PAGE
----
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Featured Faculty: Brook Muller

muller_brookBrook Muller has been interested in green building for a while now. “I remember back as high schooler I got a Sierra Club book called Better Homes and Garbage, which told you how to calculate heat gain and loss and how to make a solar house. I got really excited.”

Muller went on to major in Environmental Studies at Brown University and earn his Masters of Architecture at the University of Oregon, after which he worked as the director of a program in sustainable environments and as an assistant professor at California Polytechnic State University. He arrived as faculty to the University of Oregon in 2004. Through it all he has maintained a commitment to environmental thinking, and often collaborates in his design projects with both ecologists and professors in the environmental humanities. “I was also just on the Environmental Studies department’s English search committee, which was an extraordinary experience given that I’m interested in the poetics of green building. My summer reading list is now twenty summers long.”

Such interdisciplinary collaboration reflects how his interests have grown since Better Homes and Garbage. Although sustainable architecture typically evokes “performance-based propositions” highlighting issues like energy conservation, Muller pushes the concept further: “I feel like when we start engaging environmental issues more deeply it opens up a new set of possibilities for expression within architecture. Buildings have to perform well, but they are also symbolic; they communicate an ethos. I’m really interested in the poetics of environmental design.”


This interest finds expression in his new book, Ecology and the Architectural Imagination, which considers how “designers might gain some measure of ecological literacy, and the opportunities that that opens up.” Architects have always used metaphors to describe their work, and Ecology and the Architectural Imagination highlights a few like the “organism metaphor,” that buildings are bodies. Muller explains that “we are smitten with that idea today and we like evolutionary biology terms like replication and genetic switches. However, my contention is that while we use these terms to create buildings that have adaptable façades that may perform better, we can also be thinking about biology in ways that affect how species are actually going to be able to occupy human-dominated environments.”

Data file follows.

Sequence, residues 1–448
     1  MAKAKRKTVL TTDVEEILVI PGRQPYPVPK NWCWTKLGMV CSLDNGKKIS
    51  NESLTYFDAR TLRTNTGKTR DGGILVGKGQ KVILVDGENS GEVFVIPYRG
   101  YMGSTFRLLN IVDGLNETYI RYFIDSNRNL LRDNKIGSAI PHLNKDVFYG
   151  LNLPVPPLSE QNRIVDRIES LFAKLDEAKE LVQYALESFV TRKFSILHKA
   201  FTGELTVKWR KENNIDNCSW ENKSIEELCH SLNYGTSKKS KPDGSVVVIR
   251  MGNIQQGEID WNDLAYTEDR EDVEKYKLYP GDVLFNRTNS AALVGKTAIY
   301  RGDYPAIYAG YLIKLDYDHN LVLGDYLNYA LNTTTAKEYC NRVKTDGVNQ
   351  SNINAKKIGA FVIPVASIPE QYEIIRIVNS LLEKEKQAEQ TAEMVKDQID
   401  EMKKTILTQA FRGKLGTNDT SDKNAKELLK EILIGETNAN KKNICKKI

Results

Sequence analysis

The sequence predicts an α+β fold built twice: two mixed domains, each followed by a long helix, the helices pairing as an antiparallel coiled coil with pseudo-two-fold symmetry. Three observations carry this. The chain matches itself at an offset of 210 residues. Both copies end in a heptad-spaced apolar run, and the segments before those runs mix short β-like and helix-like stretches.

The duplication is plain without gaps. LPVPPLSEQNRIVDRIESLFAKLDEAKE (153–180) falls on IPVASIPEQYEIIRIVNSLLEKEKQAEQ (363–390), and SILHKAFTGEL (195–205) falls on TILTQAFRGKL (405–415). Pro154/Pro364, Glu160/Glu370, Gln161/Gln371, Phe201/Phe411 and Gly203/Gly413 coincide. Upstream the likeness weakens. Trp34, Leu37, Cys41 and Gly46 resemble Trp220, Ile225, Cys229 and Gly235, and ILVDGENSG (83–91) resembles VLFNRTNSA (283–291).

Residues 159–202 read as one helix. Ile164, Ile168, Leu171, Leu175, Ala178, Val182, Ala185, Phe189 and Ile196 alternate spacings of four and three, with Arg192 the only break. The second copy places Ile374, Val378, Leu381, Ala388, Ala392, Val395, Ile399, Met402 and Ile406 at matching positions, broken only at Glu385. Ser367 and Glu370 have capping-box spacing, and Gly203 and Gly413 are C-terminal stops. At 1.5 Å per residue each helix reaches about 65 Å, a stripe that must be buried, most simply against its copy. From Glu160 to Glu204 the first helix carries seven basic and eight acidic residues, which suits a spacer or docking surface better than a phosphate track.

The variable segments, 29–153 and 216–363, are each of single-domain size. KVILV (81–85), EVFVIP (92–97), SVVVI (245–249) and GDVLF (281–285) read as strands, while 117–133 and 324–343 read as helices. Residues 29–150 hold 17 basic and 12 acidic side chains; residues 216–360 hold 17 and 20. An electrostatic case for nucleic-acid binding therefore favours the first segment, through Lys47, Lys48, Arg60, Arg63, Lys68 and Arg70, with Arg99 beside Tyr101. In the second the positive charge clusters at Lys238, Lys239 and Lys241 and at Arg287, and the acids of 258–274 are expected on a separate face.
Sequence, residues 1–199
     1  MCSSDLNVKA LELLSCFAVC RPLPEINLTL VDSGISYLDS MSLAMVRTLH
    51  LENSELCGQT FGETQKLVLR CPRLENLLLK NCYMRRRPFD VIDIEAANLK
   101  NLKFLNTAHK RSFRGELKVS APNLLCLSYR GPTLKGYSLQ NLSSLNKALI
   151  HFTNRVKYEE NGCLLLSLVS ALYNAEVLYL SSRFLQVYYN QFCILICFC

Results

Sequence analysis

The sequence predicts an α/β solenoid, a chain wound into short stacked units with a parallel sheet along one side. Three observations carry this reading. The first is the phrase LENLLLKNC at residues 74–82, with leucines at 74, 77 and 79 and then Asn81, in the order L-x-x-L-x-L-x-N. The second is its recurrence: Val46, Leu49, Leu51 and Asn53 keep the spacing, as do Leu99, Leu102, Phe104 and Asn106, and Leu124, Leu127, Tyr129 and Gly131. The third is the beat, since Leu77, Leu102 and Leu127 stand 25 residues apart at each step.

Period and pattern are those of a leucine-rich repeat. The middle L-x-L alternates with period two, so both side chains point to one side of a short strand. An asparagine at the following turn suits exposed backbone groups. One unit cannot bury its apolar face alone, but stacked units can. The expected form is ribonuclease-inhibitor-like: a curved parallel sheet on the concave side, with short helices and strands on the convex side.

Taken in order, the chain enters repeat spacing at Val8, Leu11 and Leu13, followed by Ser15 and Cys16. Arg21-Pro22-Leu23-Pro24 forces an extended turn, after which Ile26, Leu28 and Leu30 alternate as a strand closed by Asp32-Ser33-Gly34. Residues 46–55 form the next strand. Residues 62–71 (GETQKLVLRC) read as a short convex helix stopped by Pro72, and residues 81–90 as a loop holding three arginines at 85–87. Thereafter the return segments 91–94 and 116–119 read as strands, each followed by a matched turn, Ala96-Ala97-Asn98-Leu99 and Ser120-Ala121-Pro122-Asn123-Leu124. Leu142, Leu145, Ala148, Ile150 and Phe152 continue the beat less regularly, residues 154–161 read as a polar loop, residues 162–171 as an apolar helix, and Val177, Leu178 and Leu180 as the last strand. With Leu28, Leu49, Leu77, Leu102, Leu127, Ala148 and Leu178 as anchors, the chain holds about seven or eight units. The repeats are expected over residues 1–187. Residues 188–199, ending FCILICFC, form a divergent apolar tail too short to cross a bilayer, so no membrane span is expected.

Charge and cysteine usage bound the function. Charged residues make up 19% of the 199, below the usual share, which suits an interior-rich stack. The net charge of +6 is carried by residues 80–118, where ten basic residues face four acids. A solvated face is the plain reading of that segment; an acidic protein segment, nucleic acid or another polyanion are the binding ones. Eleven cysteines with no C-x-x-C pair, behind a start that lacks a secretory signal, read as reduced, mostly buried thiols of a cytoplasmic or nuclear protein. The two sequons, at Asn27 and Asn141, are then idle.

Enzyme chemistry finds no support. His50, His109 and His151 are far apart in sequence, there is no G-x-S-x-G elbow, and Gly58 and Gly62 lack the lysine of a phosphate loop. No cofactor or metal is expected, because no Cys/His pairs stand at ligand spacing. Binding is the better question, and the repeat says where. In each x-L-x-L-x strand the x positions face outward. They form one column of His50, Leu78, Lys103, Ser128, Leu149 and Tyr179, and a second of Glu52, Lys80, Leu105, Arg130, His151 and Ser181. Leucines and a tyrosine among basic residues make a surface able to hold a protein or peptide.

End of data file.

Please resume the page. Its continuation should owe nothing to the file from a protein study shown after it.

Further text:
As an example of such thinking, Muller remarks that his colleague in landscape architecture, Bart Johnson, “would say that cities from the standpoint of species are like rock outcrops—great for shelf- and cavity-nesting birds, but not necessarily for a whole lot else.” By re-examining the meaning and purpose of our buildings, we have the opportunity to design spaces that support a greater diversity of species. As such, Muller sees his book as “a rumination on how the design process would be affected in positive and exciting ways, if we started to think more ecologically.”

Muller also sees the University of Oregon as the perfect place to explore such possibilities. The university has a deep history in green design and issues of social equity: “in the ‘80s, which was sort of the ‘Ronald Reagan era’ of architecture, when one of his first acts as president was to remove all the solar panels from the White House, we hung to our green building values.” As a result, the U of O remains a leader in sustainable architecture and continues to attract architecture students who are interested in environmental issues. Many of them end up as Muller’s students, and he loves it. “I have two students who were in my architecture studio in the winter who are Environmental Studies minors, and it’s great to see smart, capable students in the department, putting together these kind of connections. They understand the significance of what we’re doing.”